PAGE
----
Interracial marriage: Who is ‘marrying out’?
Interracial marriages have increased steadily since 1967, when the U.S. Supreme Court struck down all anti-miscegenation laws remaining in 16 states.
Interfaith marriage is common in U.S., particularly among the recently wed
Having a spouse of the same religion may be less important to many Americans today than it was decades ago.
5 facts about the modern American family
In 1960, 37% of households included a married couple raising their own children. More than a half-century later, just 16% of households look like that.
The Next America
America is in the midst of two major changes to its population: We are becoming majority non-white at the same time a record share is going gray. Explore these shifts in our new interactive data essay.
What happens when Jews intermarry?
Does intermarriage lead to assimilation and weaken the Jewish community? Or does it strengthen and diversify the Jewish community?
A Portrait of Jewish Americans
American Jews overwhelmingly say they are proud to be Jewish and have a strong sense of belonging to the Jewish people, but their identity is also changing: 22% of American Jews now say they have no religion.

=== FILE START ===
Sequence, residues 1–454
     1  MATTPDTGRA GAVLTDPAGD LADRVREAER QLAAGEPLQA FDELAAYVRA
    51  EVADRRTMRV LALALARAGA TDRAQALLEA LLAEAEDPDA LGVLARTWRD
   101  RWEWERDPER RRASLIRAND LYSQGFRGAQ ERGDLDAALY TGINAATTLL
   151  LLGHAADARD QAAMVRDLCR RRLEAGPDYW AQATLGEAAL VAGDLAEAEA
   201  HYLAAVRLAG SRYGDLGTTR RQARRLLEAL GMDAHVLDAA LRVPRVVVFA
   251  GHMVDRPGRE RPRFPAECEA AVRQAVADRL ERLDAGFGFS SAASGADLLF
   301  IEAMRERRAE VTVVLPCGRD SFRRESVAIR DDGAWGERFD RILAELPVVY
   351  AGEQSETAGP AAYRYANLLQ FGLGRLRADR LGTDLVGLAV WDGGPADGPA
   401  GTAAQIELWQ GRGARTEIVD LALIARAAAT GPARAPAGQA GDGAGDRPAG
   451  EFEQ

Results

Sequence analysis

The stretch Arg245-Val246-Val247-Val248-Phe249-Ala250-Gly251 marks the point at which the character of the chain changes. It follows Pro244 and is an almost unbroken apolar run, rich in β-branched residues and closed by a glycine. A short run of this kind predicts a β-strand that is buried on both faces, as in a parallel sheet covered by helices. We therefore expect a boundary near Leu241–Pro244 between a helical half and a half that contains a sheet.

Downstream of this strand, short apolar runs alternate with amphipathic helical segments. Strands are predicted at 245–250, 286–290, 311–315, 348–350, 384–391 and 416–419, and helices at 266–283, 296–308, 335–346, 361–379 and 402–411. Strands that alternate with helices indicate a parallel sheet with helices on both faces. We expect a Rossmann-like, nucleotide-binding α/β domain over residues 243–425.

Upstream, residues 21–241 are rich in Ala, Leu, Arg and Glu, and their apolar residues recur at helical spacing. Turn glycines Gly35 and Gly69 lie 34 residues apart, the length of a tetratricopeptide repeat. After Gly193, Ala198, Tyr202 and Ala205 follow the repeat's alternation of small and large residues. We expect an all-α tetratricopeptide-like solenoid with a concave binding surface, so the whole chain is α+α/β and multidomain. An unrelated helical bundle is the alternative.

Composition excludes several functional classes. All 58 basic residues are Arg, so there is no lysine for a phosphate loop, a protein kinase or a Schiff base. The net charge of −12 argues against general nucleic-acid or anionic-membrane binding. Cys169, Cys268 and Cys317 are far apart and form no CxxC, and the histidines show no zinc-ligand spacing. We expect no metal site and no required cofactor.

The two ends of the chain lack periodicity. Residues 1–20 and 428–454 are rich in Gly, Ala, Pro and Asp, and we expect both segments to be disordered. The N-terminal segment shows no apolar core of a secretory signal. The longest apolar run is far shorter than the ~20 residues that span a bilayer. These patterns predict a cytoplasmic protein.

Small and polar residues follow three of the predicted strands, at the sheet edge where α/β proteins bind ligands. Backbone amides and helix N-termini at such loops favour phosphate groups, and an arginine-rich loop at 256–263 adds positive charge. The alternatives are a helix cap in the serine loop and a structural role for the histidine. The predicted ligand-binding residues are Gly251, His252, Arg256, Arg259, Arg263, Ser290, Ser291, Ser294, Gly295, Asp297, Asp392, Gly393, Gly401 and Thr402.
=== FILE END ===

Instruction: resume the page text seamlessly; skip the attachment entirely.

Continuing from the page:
Asian Americans and Religion
As their numbers rise, Asian Americans have been largely responsible for the growth of non-Abrahamic faiths in the U.S., particularly Buddhism and Hinduism. At the same time, most Asian Americans belong to the country’s two largest religious groups: Christians and people who say they have no particular religious affiliation.
The Rise of Intermarriage
Marriage across racial and ethnic lines continues to be on the rise in the United States. The share of new marriages between spouses of a different race or ethnicity increased to 15.1 % in 2010, and the share of all current marriages that are either interracial or interethnic has reached an all-time high of 8.4%.
Map: Interracial Marriage: Who and Where
In 2008, a record 14.6% of all new marriages in the United States were between spouses of a different race or ethnicity from one another. Rates varied by region, by state and racial group.
A record 14.6% of all new marriages in the U.S in 2008 were between spouses of a different race or ethnicity from one another, according to a Pew Research Center analysis of new census data. Of all newlyweds in 2008, 9% of whites, 16% of blacks, 26% of Hispanics and 31% of Asians married outside their race/ethnicity. Patterns also varied by region (intermarriage is most common in the West) and by gender.